This library is especially useful for:
- Functional testing, where many asserts are needed
- Stress testing, where the System Under Test is failing and the test code needs to stay robust.
- Load testing, where the failures of the System Under Test need to be robustly collected for analysis
This library is rapidly evolving.
This library is stable enough to be useful, but pay attention to the new versions released on jslib.k6.io.
This documentation is for the last version only. If you discover that some of the code below does not work, it most likely means that you are using an older version.
There's nothing to install. This library is hosted on jslib and can be imported in the k6 script directly.
Alternatively, you can use a copy of this file stored locally.
Let's get started by writing a test for a hypothetical HTTP API that should return a JSON array of objects.
First, create a mytest.js k6 script file.
If you are familiar with k6, this is similar to using the built-in group and check functionality but with different names.
When you run this test with k6 run mytest.js the result should look similar to this:
This basic example is not very exciting because the same result can be achieved with group and check, so let's move on to more interesting examples.
When writing integration tests and performance test, it's often necessary to execute conditional checks. For example, you may want to inspect the JSON body only when the http response is 200. If it's 500, the body is not relevant and should not be inspected.
It's possible to chain checks using the .and() function, as shown below.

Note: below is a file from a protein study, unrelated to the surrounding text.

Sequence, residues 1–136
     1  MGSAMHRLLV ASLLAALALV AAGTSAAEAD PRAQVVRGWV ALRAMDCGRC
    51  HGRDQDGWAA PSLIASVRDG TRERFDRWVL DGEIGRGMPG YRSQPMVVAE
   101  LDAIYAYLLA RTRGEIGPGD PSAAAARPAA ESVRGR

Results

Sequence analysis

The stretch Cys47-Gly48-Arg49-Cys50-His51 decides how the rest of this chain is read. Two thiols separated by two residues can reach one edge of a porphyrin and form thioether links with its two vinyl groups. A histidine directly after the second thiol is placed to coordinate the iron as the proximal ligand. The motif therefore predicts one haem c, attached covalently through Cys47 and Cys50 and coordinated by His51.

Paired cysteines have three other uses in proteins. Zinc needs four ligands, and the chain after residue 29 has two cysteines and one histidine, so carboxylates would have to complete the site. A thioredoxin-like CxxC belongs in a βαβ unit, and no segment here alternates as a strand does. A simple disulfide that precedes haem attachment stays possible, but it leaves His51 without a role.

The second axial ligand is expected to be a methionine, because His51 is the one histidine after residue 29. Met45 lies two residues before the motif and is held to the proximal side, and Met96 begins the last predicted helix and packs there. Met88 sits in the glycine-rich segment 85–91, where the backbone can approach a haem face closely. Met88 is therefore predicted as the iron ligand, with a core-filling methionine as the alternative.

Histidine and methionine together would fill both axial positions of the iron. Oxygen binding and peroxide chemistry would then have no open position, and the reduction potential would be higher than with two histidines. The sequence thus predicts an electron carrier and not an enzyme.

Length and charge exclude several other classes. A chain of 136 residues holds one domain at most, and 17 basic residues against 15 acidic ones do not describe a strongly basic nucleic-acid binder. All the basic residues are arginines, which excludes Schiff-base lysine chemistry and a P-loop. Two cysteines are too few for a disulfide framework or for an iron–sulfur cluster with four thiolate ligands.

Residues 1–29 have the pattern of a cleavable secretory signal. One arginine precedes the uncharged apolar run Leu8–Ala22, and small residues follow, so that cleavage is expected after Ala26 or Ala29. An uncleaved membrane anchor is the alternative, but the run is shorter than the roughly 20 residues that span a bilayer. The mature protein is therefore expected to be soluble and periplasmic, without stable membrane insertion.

When you run this test with k6 run mytest.js, the result should look similar to this:
The above script should result in the following being printed after execution:
More advanced examples can be found in the examples section
|describe(name, function)||Entry point for creating tests.|
|expect(value)||expect(value) sets the value to be used in comparison by the next function in the chain|
|and(value)||and(value) is similar to expect(value), but can be used in a chain.|
|as(alias)||as(alias) sets a textual representation of the value passed to expect or and.|
|toEqual(value)||The .toEqual(expectedValue) is similar to ===|
|toBeGreaterThan(expectedValue)||Use to verify that received > expected|
|toBeGreaterThanOrEqual(expectedValue)||Use to verify that received >= expected|
|toBeLessThan(expectedValue)||Use to verify that received < expected|
|toBeLessThanOrEqual(expectedValue)||Use to verify that received <= expected|
|toBeBetween(from, to)||Use to verify that expected value is within range.|
|toBeTruthy()||Use .toBeTruthy when you don't care what a value is and you want to ensure a value is true in a boolean context.|
|toHaveValidJson()||Use to verify that the http response has a valid JSON body.|